We've put together a round up of where to go and what to do around the Scottish Borders this autumn. All locations are open and following Scottish Government Covid-19 regulations and guidelines - as of 11 October 2020 - but please make sure you get in touch with them before turning up to avoid disappointment.
The Scottish Borders is a great place for children, with an abundance of family-friendly activities and attractions - indoors and outdoors - to keep everyone happy even in these tricky times.
We've picked out some of our favourites to help you make the most of your precious family time. Why not watch this little trailer from Visit Scotland, then dive on into the listings below? This isn't a comprehensive list - so get in touch if you have a suggestion of your own and we can add it to the page.
Family fun with alpacas. Their guided treks round the local hillside are a firm family favourite, with a range of activities from a gentle stroll to a three hour trek. Or for little legs, there’s a 30 minute Meet a Paca session. In which you meet an alpaca and your hosts promise to answer all your alpaca-related questions, so don’t forget to prompt the little ones to ask them where baby alpacas come from… They’ve got availability and are taking bookings online, with plenty of hand washing and social distancing going on.
For those who prefer not to wrap the kids in cotton wool, something to get them out and about and off the Xbox. Tree climbing, archery, scavenger hunts: what's not to like? They’re running activity camps at Thirlstane Castle all week with a day ticket priced at £35, and at Longridge Towers school the week after. Check with them for details.
The half hour fast blast is popular but take a look at the Coastal Exploration trip which sets a more leisurely pace taking in the Burnmouth sea caves, smuggling haunts and round past St Abbs head, home to thousands of seabirds. There's a chance of dolphins too. You’ll need to wear a mask and it’s best to book ahead, but a great family-friendly activity.
They’re open and even offering bookable tours of the 900 year old house - the oldest inhabited house in Scotland. Great for all the family but the maze in the garden is a favourite with children. Parents particularly attached to their offspring can shout directions from the terrace to help them find their way out. One household at a time, bookable. There’s a cafe and children’s playground too.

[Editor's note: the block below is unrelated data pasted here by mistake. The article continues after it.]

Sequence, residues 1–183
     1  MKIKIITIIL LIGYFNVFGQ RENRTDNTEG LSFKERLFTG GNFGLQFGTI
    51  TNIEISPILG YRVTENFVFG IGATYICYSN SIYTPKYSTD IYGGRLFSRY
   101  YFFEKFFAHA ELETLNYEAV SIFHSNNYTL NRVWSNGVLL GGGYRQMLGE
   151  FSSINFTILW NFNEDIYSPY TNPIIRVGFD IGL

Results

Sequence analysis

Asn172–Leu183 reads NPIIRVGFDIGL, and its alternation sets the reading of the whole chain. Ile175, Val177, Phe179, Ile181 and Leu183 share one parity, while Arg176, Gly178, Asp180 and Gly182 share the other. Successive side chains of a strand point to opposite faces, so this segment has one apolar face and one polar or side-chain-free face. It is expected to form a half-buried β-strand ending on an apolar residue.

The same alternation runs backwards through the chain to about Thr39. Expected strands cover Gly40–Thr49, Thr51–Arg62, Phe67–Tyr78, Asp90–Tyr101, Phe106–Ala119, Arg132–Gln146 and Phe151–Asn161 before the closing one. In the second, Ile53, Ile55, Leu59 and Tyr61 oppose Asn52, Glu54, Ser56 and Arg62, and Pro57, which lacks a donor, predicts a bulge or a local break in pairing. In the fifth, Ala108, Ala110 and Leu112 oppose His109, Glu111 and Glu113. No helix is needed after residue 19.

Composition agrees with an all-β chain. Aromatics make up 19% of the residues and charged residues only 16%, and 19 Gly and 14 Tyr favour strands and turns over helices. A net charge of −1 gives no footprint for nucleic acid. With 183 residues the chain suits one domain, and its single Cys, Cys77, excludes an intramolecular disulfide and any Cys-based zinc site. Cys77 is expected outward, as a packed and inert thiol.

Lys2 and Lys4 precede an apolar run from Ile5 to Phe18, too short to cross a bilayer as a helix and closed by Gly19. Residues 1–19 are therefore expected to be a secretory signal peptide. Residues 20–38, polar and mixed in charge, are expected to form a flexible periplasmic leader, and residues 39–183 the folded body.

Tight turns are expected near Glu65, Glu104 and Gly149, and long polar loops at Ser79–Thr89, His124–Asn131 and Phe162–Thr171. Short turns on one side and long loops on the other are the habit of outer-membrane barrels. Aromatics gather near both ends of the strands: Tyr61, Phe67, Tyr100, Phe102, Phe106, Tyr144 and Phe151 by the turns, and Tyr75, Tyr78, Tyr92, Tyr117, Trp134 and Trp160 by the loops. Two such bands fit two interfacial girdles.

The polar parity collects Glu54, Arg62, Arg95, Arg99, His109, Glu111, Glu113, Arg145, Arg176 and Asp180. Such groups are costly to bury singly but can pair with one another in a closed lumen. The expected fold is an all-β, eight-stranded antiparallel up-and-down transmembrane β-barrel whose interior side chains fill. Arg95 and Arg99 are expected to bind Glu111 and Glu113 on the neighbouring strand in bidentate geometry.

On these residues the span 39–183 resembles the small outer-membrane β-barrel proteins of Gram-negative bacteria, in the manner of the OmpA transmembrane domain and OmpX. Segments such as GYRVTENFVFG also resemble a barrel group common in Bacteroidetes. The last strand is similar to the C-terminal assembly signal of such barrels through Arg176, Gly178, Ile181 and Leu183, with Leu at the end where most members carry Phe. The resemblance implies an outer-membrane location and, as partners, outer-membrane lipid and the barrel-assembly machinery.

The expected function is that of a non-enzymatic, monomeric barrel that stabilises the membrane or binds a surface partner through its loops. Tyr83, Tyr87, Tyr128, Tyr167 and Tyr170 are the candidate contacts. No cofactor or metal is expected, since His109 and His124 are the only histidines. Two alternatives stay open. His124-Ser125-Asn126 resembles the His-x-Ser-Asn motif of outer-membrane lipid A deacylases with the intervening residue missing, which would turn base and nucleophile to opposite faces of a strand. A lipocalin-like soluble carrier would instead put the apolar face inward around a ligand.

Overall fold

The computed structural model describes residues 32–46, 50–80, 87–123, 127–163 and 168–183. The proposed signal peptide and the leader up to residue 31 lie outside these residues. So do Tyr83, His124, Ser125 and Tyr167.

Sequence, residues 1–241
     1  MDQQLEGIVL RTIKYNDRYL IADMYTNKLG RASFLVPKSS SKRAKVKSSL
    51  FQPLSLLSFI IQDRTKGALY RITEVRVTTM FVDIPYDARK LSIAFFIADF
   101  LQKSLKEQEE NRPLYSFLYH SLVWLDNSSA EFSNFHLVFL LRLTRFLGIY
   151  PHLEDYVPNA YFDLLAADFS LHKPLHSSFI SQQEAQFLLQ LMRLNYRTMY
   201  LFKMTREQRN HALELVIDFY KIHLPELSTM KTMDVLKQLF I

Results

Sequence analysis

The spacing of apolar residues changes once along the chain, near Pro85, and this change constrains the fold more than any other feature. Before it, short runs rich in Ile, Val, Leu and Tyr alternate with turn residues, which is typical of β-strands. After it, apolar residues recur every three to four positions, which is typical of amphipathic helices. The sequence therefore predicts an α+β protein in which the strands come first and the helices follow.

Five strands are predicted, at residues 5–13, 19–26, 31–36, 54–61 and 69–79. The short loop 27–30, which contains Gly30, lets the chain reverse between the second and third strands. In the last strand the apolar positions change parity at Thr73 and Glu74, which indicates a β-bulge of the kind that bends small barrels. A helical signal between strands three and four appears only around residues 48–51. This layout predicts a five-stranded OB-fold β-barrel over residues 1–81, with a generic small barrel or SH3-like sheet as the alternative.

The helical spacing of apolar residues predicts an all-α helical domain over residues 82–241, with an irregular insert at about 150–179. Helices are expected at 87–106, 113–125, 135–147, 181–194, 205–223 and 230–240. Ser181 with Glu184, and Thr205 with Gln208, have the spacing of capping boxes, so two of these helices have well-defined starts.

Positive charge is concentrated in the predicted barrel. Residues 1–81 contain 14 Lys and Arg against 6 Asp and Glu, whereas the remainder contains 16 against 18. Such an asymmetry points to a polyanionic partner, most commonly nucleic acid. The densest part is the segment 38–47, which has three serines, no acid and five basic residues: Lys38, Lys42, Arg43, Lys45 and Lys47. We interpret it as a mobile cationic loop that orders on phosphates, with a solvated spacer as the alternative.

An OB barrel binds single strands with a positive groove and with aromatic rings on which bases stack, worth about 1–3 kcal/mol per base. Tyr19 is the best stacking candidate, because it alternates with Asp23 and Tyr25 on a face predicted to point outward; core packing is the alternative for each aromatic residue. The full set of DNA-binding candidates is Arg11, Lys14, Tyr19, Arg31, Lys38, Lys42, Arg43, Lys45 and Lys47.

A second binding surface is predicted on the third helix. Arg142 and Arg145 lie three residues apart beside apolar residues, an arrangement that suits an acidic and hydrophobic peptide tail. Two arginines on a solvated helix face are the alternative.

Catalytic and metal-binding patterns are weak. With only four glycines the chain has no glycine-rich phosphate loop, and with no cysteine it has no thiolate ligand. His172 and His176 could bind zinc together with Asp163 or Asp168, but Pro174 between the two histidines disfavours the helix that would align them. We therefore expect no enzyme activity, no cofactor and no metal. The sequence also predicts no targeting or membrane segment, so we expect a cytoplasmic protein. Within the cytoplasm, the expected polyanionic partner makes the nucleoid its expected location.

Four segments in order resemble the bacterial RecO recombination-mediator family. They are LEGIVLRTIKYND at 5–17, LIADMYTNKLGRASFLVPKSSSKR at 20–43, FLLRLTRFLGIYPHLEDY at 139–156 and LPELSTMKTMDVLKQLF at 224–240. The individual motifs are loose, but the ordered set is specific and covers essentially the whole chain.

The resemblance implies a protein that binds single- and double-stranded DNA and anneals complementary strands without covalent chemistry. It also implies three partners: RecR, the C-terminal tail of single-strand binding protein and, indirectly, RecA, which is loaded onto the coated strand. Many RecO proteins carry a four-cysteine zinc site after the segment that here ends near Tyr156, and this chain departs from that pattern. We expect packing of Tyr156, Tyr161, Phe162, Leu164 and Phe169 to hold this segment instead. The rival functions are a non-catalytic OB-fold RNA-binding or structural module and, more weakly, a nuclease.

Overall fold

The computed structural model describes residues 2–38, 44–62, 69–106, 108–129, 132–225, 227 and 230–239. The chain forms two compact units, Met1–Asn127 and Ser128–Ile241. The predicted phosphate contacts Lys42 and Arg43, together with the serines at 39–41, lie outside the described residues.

For those with a head for heights, there are still adventures in the trees of the Glentress forest to book with Go Ape near Peebles. It’s a beautiful location, with plenty of wildlife including red squirrels, and there’s a 50 metre high zip wire that runs for 325 metres and a full high ropes course. They’ve got full social distancing and hygiene in place - best to check with them direct to see what experiences are open.
The grounds of Paxton House are open and offering free admission for under 16s. There’s 80 acres of gardens, woodland and riverside and an adventure playground with a zip wire. The house is on the Scottish side of the border, close to Berwick on Tweed.
Think the Romans stopped at Hadrian’s Wall and never ventured any further north? Think again. At the foot of the Eildon Hills lies the site of a major Roman fort (and there was a signal station on one of the hills, should you fancy a climb and a spectacular view). There’s not much to see of the fort now but information boards and viewing platforms help to bring it alive and get you out in the fresh air and there’s a temporary museum in Abbey House, Melrose, with free admission to learn all about the Romans in Scotland.
The house is open and well worth a couple of hours to learn more about one of Scotland's greatest writers and his extraordinary life. Outside there’s a family playtrail in the neighbouring woodland. Keep an eye out for otters on the river. There’s a family-friendly cafe too.
The house and adventure playground are closed but the grounds still offer somewhere for children to let off steam and lovely walks for all the family, with beautiful autumn colour on the trees around both lochs.
There’s excellent mountain biking at Glentress and for a selection of road and cycle path routes from the heart of the Scottish Borders, there’s a downloadable guide with some suggestions. There are several companies offering bike hire and e-bike hire.
Fisherman Bill Drew offers family friendly fly fishing, with individual tuition or small groups, for all ages and levels of experience with access to some of the best beats.
Jim Clark Motorsport Museum - in Duns, open Friday to Monday. Discover the story of one of the world’s greatest racing drivers of all time. They’ve got a new museum trail for children.
Gunsgreen House - private exclusive self-guided tours of this great little smuggling museum in Eyemouth. Great fun for children.
Thirlestane Castle - open to small groups for pre-booked guided tours
The Hirsel Arts and Crafts Centre - family friendly day out, Coldstream
Jacksons at Jedburgh - working farm
Harestanes - play park, cafe, shop, near Jedburgh
Floors Castle - Scotland's largest inhabited castle with children's playground